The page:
The Latep/Jo relationship sums up Planet of the Daleks. It’s oddly cursory, it comes out of nowhere, lasts just long enough to make a point, and is then over and done with (Latep takes the whirlwind, one-episode romance very stoically as he waves a cheery goodbye and heads back to Skaro). It’s almost like a pastiche of what Terry Nation remembers about the 1960s episodes and Susan and Vicki’s shotgun marriage departures.
Which is Planet of the Daleks all over: an effective but vacuous pastiche of an older way of making Doctor Who, lacking some of the wit and regular characterisation that have been developing under Terrance Dicks and Barry Letts. It’s a success because it’s enjoyable and entertaining, and gives us the best Daleks we’ve had since 1967. The Dalek Supreme is a particular highlight: decorated in 1970s prestige black and gold, like a fancy cigarette lighter, with glam flashing ear bulbs and eyestalk (which sadly don’t sync up with it’s talking) it’s brilliantly TV Century 21, completely no nonsense and intolerant of failure, executing it’s excuse-making subordinate and declaring that the Daleks can never be defeated.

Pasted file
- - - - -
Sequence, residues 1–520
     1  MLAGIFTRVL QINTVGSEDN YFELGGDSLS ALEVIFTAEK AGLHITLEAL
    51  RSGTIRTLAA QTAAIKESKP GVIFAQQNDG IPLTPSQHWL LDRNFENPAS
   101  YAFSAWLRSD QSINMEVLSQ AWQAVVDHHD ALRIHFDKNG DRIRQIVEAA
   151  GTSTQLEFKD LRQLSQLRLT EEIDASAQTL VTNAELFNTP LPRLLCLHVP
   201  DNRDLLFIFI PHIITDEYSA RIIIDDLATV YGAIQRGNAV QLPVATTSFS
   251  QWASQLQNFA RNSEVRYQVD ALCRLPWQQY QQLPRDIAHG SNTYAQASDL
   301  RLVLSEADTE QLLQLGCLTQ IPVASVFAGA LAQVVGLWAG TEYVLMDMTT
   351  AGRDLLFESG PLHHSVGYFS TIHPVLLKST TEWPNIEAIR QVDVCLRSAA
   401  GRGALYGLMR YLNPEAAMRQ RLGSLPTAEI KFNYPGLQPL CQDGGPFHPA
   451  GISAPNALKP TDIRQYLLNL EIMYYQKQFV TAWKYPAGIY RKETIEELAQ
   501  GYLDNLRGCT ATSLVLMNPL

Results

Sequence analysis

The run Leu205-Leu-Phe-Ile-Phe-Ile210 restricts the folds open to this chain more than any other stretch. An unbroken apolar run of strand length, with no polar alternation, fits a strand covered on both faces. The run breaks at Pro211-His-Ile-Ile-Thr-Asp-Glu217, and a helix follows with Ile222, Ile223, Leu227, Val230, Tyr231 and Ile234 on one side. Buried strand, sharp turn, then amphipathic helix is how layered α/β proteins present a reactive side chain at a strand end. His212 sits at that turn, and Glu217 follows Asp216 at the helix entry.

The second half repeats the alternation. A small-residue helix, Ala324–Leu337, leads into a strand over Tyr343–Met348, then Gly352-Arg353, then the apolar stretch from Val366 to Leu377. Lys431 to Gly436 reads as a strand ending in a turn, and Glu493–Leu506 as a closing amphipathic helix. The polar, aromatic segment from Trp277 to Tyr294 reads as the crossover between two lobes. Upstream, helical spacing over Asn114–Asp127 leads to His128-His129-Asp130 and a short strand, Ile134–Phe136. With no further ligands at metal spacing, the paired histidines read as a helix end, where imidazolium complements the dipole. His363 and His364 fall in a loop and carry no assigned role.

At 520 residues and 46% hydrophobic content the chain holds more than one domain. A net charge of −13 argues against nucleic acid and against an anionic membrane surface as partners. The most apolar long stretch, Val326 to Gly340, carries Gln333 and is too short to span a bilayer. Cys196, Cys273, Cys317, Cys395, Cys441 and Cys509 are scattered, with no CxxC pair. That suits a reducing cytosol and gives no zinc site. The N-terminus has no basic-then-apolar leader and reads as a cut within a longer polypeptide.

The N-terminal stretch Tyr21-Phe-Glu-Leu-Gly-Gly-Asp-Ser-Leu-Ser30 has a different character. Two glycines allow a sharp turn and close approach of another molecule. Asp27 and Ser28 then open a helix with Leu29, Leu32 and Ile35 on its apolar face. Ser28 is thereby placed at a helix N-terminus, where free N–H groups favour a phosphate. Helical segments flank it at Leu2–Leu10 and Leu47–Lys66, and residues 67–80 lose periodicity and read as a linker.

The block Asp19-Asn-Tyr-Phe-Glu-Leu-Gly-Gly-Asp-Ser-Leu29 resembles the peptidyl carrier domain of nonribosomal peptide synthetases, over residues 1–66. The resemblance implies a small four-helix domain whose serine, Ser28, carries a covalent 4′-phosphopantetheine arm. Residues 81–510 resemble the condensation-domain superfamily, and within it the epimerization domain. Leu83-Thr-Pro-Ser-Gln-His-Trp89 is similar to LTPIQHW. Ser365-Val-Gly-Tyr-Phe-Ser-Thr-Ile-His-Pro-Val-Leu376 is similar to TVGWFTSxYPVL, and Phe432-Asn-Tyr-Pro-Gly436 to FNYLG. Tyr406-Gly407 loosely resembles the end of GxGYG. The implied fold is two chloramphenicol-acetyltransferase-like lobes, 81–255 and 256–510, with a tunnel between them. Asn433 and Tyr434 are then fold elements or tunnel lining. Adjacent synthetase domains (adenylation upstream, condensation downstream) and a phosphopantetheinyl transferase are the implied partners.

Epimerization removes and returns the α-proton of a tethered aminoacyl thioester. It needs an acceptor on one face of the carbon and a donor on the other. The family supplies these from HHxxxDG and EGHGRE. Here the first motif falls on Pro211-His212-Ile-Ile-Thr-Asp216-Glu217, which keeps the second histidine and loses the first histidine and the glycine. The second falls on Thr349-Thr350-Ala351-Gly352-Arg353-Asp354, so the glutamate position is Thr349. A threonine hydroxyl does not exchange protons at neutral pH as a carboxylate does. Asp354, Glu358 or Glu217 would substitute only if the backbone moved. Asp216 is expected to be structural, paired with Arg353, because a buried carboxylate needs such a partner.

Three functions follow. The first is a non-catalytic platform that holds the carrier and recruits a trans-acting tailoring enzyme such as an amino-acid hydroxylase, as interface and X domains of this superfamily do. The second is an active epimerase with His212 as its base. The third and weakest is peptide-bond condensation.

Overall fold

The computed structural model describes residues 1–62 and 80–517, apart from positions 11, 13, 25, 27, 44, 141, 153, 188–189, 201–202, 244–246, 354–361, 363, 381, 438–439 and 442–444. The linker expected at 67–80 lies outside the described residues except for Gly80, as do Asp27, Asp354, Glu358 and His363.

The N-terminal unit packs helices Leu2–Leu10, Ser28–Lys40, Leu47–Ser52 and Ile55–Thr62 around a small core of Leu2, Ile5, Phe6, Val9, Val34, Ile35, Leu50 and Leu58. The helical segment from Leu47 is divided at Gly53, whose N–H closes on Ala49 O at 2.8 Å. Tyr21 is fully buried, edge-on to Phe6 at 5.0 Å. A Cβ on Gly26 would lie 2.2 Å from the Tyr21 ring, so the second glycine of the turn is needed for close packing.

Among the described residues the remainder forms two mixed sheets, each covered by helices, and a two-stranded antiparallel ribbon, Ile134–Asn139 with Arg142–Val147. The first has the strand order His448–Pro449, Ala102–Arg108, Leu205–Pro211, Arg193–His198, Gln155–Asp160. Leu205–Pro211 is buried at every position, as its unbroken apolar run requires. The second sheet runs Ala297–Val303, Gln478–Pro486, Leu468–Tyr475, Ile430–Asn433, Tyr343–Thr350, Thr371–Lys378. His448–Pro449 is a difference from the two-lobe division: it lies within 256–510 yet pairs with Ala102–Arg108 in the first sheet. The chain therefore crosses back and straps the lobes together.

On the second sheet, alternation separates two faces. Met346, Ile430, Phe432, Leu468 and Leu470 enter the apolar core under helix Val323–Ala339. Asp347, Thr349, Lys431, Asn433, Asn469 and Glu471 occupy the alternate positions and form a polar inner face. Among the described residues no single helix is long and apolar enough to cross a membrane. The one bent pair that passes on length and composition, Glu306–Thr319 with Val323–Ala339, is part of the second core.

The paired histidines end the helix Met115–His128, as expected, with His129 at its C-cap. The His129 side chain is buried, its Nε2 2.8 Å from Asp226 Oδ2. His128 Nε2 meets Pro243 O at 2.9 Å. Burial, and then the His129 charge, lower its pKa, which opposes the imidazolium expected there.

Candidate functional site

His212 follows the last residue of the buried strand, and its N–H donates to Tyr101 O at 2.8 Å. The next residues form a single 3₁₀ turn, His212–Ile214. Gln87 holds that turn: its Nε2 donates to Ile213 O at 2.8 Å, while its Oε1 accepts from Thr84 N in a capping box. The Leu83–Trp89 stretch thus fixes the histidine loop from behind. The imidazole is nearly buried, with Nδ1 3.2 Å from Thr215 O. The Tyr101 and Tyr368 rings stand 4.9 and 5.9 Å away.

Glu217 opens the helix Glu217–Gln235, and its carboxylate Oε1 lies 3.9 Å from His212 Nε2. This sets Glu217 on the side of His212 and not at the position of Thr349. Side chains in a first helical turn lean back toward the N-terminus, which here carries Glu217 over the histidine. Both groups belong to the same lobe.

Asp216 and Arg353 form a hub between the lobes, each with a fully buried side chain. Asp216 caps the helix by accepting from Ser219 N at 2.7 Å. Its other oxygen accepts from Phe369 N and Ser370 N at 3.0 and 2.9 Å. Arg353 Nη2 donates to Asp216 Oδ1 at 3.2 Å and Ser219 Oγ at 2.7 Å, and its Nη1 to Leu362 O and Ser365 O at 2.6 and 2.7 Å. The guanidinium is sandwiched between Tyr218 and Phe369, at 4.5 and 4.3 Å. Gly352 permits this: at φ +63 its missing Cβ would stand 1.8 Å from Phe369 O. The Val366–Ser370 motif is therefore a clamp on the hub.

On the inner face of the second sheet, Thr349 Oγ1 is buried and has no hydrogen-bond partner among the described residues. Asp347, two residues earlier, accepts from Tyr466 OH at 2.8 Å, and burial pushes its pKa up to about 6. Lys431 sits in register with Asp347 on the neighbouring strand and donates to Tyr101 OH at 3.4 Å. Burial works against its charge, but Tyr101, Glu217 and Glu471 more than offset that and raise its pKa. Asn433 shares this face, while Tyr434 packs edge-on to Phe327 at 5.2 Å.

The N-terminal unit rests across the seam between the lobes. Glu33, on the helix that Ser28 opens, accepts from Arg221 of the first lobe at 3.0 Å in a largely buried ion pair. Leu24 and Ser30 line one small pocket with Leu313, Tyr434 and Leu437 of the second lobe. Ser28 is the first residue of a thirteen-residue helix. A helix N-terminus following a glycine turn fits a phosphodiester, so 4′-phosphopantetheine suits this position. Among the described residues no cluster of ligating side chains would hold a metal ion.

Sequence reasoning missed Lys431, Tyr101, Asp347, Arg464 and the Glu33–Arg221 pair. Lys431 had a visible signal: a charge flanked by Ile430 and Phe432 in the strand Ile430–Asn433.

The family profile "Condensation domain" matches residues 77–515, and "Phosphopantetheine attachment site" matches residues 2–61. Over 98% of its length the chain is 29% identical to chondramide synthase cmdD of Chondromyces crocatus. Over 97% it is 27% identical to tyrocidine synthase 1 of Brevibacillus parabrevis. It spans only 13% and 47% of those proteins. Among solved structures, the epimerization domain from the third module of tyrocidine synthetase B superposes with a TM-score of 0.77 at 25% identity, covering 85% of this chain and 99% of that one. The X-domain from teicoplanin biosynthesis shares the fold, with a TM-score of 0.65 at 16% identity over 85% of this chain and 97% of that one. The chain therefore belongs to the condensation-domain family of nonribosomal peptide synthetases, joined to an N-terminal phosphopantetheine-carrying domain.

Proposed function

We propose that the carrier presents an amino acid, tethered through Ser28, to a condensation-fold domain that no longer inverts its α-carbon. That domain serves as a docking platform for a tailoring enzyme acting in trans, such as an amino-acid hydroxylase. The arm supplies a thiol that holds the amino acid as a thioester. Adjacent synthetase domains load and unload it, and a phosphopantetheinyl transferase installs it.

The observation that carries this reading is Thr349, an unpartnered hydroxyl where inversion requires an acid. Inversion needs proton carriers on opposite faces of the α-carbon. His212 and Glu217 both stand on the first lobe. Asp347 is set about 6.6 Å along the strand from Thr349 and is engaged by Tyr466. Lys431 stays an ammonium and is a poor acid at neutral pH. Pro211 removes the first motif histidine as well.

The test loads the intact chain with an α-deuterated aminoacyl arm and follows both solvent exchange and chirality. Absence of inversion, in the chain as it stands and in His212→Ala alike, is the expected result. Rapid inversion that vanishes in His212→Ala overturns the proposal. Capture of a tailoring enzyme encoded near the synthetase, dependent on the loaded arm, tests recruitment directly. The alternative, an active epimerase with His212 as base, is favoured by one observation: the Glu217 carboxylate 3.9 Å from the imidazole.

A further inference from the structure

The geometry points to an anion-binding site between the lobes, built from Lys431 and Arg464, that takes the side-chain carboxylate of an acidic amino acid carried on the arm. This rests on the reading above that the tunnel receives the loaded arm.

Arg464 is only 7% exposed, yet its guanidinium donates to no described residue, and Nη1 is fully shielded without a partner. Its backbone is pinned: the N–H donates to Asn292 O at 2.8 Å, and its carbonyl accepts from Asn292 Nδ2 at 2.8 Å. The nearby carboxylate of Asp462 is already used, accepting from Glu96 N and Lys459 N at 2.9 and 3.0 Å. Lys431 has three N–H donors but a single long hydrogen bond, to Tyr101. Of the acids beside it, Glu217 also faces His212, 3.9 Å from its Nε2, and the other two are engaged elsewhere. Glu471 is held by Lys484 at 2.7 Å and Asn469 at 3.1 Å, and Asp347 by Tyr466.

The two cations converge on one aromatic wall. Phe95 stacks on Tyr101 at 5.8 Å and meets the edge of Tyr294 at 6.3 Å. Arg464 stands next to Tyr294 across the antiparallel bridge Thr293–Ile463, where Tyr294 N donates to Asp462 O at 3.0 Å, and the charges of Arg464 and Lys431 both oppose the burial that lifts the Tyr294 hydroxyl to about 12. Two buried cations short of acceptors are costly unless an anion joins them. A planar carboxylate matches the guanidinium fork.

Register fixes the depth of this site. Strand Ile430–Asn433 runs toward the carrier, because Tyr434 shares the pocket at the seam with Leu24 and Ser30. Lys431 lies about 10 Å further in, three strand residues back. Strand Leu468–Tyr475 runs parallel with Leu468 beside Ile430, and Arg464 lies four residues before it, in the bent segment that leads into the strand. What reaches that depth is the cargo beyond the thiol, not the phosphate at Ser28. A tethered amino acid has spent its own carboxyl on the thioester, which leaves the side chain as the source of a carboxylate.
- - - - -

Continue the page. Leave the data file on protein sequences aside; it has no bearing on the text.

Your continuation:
It also contains some good action and suspense scenes, such as this episode’s sequence of the Thal bomb falling into the midst of a bunch of groggy, reawakened Daleks. David Maloney’s direction, while not as impressive as his later work with Philip Hinchcliffe and Robert Holmes, is as solid as you’d expect. Fair enough, some of the Doctor’s cliched wisdom is a bit dull, but on almost every level this is superficially getting it right. The problem lies with the script, which lacks the giddy excitement of The Dalek Invasion of Earth, or the wryness presumably Dennis Spooner and Kevin Stoney brought to The Daleks’ Master Plan. It’s very much Mission to the Unknown with added Pertwee. As such, there’s almost nothing beyond what’s presented on screen; no subtext; nothing for any of the cast to play with. And with the downbeat ending of a dejected Jo asking to go back home to Earth the result is, surprisingly, the most dour story of the colour era so far.
Next episode: The Green Death